But it’s also true that much too often this is not the case.  That’s one reason why when suddenly factories or mines close, or car manufacturers ‘shed’ 200 workers, or car part factories go bust workers are not only shocked, but it substantiates their sense of vulnerability, “What a shock, I thought they loved us!”

Not only is this painfully evident when a negligently poor H&S standard results in crippling a worker for life, but is typically present on a daily basis.  Permanent fear of job loss results.  The fact that a worker can be disciplined or sacked for a number of events that can be defined and redefined by creative managers feeds that feeling.  That’s another reason why so much bullying and humiliation occur and so much stress is experienced. Continue reading “Vulnerability and arrogance”

Upcoming cancer in the workplace seminar

In November 2010 Geoff Fary left his role with the Australian Council of Trade Unions (ACTU) to chair the Asbestos Management Review. On May 3 2012 Geoff Fary will join other keynote speakers in a full day seminar in Melbourne called “Cancer in the workplace – a forum on practical solutions for prevention“.  This event has been jointly organised by the ACTU and the Cancer Council of Australia.

Australia’s trade union movement has a good record in asbestos- and cancer-related seminars but rarely do they gain much traction outside of their sector.  The cooperation with the Cancer Council will broaden the appeal of the seminar into more general workplace health consideration, particularly with a speaker from the United States, Lucille Servidio of Capaccio Environmental Engineering.  Local speakers are not overlooked with, probably, Associate Professor Tim Driscoll being the most recognisable participant to OHS professionals.

With the increasing attention to workplace health, concern over cancer clusters and breast cancer risks in nightshift workers, these very affordable seminars often give terrific value – not something that one always gets from the seminars that cost of $A2000 a day.

Kevin Jones

A new approach to OHS advertisements is required in Australia

Workcover NSW should be supported in its new advertising campaign “Here to Help”.  Two ads are currently available on-line and are embedded below.  What is surprising is that OHS regulators still feel the need to create new awareness-raising campaigns rather than providing examples of the consequences of non-compliance.

It may be unfair to criticise an OHS regulator for an advertising campaign that raises the awareness of the need for safety, particularly if that ad is only the most visible element of a new enforcement strategy but it would be refreshing to see a different type of ad, one that speaks directly to business owners, with perhaps a similar one to workers.

What I see is an advertisement  similar to the famous Yul Brynner anti-smoking ad but with a script similar to this:

[Close up of head and shoulders of a businessman facing the camera.  Camera slowly pulls back as businessman speaks.] Continue reading “A new approach to OHS advertisements is required in Australia”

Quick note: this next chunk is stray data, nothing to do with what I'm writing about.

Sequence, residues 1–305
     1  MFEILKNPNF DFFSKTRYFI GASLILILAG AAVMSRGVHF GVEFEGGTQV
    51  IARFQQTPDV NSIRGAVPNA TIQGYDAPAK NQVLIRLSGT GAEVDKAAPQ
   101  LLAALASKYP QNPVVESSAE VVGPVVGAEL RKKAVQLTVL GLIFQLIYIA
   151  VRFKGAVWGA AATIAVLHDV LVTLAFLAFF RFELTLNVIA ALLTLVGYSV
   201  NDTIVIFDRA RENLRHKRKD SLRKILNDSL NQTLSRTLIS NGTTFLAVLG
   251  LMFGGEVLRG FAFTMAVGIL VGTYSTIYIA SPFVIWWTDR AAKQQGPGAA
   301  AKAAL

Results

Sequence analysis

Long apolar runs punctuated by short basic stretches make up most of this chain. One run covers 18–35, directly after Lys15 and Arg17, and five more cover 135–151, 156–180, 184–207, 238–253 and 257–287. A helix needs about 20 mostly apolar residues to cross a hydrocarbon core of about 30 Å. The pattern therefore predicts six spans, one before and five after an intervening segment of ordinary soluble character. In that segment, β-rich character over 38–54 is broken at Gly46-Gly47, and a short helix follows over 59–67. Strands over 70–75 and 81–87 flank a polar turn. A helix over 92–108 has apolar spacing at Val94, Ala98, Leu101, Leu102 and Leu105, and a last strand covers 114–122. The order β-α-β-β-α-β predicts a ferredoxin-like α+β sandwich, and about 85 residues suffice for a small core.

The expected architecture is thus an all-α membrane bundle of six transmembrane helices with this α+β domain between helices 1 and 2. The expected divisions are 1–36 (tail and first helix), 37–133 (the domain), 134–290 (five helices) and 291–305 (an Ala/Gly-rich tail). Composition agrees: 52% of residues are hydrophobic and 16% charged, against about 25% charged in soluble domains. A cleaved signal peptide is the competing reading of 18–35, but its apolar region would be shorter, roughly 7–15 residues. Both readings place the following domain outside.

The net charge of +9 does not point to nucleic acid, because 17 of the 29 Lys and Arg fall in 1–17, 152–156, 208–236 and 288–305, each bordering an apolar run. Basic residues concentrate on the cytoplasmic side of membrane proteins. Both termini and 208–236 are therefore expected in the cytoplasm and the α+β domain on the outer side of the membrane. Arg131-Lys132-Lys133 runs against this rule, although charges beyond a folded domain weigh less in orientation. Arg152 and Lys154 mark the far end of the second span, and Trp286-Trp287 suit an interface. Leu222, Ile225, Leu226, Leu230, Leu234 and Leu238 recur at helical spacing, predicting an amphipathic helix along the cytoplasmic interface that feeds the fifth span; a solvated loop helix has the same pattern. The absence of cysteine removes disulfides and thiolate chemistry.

Tread carefully when speaking with the media

One of the most important professional lessons is to only talk about what you know.  I found this out personally after a disastrous pre-conference workshop many years ago where I did not understand what the workshop participants expected until I began seeing blank and quizzical expressions from the, thankfully, small audience.

On Australian radio on 14 December 2011, a geologist became embroiled in an interview on asbestos and cancer.

Ian Plimer is a well-known Australian geologist and is a professor of mining geology at the University of Adelaide.  Plimer is a controversial and outspoken critic of climate change.  The climate change debate is a fringe consideration in occupational health and safety but today,  Professor Plimer entered the debate on asbestos, a carcinogen that is responsible for hundreds and thousands of work and non-work related deaths.

On ABC Radio, prominent Australian journalist and writer on asbestos industry issues, Matt Peacock, took Ian Plimer to task about Plimer’s 2008 claim that chrysotile, or white asbestos, is not carcinogenic.   Continue reading “Tread carefully when speaking with the media”

Australia inactive on environmental tobacco smoke

Safe Work Australia has released a couple of packages of draft codes of practice in line with the Australian Government’s OHS harmonisation strategy but where is the code that addresses the established risk of environmental tobacco smoke (ETS) or second-hand smoke?  This is a question that was asked during the recent Safe Work Australia week by Smoke Free Australia, an alliance of employee and health groups.

Smoke Free’s media release stated that

“….thousands of Australians are working in areas contaminated by highly toxic, carcinogenic tobacco smoke – and Safe Work Australia has done nothing to prevent it”

Stafford Sanders, the coordinator for Smoke Free Australia, was struggling to understand why ETS had not been given prominence in the new draft codes of practice given that second-hand smoke is a known killer. Continue reading “Australia inactive on environmental tobacco smoke”